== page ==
Digital humanities dissident, Moya Bailey, has sculpted a yellow brick road in cyberspace for women of color. This summer she will travel to Detroit, along with her collective, Shawty Got Skills, to conduct a three-hour workshop at the 14th annual Allied Media Conference. As the ‘founder and co-conspirator’ of Quirky Black Girls, blogger for the Crunk Feminist Collective, and graduate student, it’s amazing she even had time to squeeze us in for an interview (virtual, of course). I asked Moya to share more about her skill share, their objectives, and her cosmic digital endeavors.
This is so helpful! Please share!
Not sure how I feel about google leading this call to arms…
“Cathy Davidson has argued that we are entering a second phase that can be loosely connected to social media technologies, often given the Web 2.0 designation (“Humanities 2.0”).9 Blogs and now Twitter are examples of social media that have been adapted for research work in the academy. Such…
My physics major brother and I have this half-joking argument about once a month over whose major is better or does more for society, and he sent me this picture once as a peace offering.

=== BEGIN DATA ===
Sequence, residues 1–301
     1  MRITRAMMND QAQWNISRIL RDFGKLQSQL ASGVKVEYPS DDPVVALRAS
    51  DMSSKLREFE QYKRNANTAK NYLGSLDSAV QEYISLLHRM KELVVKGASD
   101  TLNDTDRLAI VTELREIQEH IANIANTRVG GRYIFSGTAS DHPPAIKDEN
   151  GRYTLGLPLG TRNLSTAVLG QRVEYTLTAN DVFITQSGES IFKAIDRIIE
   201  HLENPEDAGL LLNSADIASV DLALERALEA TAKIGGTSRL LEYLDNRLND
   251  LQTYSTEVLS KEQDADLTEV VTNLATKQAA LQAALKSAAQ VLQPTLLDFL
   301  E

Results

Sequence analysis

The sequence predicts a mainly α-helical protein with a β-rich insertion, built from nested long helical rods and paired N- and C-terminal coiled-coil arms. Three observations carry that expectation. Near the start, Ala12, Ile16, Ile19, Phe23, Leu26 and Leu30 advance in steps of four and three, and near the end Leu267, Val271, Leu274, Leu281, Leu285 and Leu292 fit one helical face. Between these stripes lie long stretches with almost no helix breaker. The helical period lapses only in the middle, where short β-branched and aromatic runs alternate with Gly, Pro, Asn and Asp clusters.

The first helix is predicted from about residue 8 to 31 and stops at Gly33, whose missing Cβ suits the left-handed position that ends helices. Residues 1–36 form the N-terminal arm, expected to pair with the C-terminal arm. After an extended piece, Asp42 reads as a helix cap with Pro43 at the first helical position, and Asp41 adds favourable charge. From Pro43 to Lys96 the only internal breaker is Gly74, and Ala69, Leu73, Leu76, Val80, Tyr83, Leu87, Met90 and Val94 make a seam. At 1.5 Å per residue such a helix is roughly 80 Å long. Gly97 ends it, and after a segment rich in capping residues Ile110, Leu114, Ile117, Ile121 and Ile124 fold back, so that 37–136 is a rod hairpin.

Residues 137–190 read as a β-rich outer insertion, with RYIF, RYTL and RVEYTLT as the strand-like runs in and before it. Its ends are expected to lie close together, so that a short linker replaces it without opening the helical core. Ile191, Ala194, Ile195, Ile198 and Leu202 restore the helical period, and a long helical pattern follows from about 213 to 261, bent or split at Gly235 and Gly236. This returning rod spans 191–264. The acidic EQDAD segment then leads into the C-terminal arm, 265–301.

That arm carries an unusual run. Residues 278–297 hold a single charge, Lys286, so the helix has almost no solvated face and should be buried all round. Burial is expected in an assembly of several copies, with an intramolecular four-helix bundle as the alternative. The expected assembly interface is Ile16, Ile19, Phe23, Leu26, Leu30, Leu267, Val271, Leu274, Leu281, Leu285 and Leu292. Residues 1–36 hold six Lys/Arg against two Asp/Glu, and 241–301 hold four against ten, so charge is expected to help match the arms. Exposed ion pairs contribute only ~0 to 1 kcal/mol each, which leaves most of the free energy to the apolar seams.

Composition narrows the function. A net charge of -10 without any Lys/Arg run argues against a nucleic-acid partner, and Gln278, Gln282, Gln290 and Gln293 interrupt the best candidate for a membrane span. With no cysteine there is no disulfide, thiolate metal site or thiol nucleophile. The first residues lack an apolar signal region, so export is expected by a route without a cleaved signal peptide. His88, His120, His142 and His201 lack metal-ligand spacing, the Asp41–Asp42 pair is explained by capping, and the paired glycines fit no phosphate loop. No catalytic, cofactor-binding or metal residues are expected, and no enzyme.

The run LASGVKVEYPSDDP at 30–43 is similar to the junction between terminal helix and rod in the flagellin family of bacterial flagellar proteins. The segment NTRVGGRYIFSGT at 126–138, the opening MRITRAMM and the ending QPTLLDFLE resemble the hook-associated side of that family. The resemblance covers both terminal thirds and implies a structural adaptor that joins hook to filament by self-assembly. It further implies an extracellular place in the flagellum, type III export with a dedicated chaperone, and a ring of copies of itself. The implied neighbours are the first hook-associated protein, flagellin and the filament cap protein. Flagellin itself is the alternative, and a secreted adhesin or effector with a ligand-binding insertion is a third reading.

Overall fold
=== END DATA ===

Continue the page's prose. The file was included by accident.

Dang, I have a similar issue with Photobooth. I guess dark skinned black folks don’t get taken into account in Apple’s R&D when it comes to imaging technologies…
Infographic: Difference Engine Initiative Ripple Effect
The Difference Engine Initiative was comprised of two six-week game jams for first-time women developers. The ripple effect of the DEI has been extraordinary, with participants pursuing careers in game development, creating new community initiatives, and making more games. While some of these successes can be considered under the rubric of “Women in Games,” more have been due to the talent and dedication of the participants, the excitement generated by their games, and their leadership skills. The women of the Difference Engine continue to make awesome things happen.
Learn more about the Difference Engine and the games that came out of it: